My ’71 Ford Econoline van, Northern California during Redwood Summer, 1990.

The next hitchhiker we picked up was a big guy with a beard in jeans and a flannel shirt opened over a t-shirt.

His name was Bob and he was headed to Eureka.

“Where are you guys headed?” he asked.

‘We’re headed up to Arcata then back down to Fort Bragg for the logging protests,’ I said. ‘What do you do in Eureka?’

Out of my rearview mirror, I saw Bob’s eyes move from left then right, as if noticing for the first time that he was in the back of a van with two dogs, a Buddhist nun, and a bunch of hippies, one of whom was wearing a tie dyed t-shirt with “Hayduke Lives” printed in faded black letters across the front. (This was in honor of George Hayduke, the main character in The Monkey Wrench Gang.)

“I’m a logger,” Bob said. “Guess you better let me out.”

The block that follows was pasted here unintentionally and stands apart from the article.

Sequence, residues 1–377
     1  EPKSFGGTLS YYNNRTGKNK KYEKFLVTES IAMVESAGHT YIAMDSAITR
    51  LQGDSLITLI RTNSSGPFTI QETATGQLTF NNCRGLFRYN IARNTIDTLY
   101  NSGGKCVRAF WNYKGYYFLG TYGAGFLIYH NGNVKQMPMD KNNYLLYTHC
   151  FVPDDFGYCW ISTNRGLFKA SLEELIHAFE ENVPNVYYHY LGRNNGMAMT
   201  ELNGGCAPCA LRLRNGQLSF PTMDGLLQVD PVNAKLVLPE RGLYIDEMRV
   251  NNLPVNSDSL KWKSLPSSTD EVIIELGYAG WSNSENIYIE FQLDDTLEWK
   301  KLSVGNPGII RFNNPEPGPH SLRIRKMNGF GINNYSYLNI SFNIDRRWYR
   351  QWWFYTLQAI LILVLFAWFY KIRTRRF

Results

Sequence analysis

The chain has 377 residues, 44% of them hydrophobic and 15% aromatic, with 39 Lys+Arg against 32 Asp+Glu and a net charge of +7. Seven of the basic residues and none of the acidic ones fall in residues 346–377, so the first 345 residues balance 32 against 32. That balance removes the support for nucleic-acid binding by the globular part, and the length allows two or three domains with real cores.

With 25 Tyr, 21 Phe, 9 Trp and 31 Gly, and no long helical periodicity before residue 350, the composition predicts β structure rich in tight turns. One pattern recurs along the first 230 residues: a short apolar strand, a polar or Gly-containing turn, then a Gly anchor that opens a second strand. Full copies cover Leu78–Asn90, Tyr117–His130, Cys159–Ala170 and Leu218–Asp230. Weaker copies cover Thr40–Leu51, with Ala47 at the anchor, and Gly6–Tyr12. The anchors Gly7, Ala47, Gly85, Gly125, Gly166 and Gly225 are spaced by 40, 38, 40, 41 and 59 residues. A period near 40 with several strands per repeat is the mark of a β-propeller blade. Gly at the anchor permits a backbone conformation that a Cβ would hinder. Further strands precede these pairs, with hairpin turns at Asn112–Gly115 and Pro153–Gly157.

My friend Scott, the one in the tie dyed t-shirt, said, “Hey, hold on a sec! Let’s have a dialogue.”

“Pull over,” Bob said. “Let me out.”

“Come on, man. We’re not against you,” Scott said.

“Let me out of this damn van.”

I pulled over and Bob opened the sliding door and jumped out. He then shouted, “Get a job!” as he slammed the door shut.

Quiet Ellen burst out laughing. “Oh my,” she said. “Oh. My. That was something. That was something.”

It upset me that we didn’t get the chance to make friends with Bob. I also wanted to tell Bob that I did have a job.

I canvassed for Greenpeace.

Going Door-to-Door, Raising Money for Greenpeace

I met some interesting people when I went door-to-door, asking them for money. Aside from the rare creep, like the guy who answered the door in nothing but an open Hugh Hefner robe and invited me in to “talk about nature,” most people were congenial and generous.

We would canvass in the late afternoon and evening because more people were home, and so we’d often start the day in a neighborhood park, where we’d eat lunch and discuss the environmental issues we’d be covering in the field that day.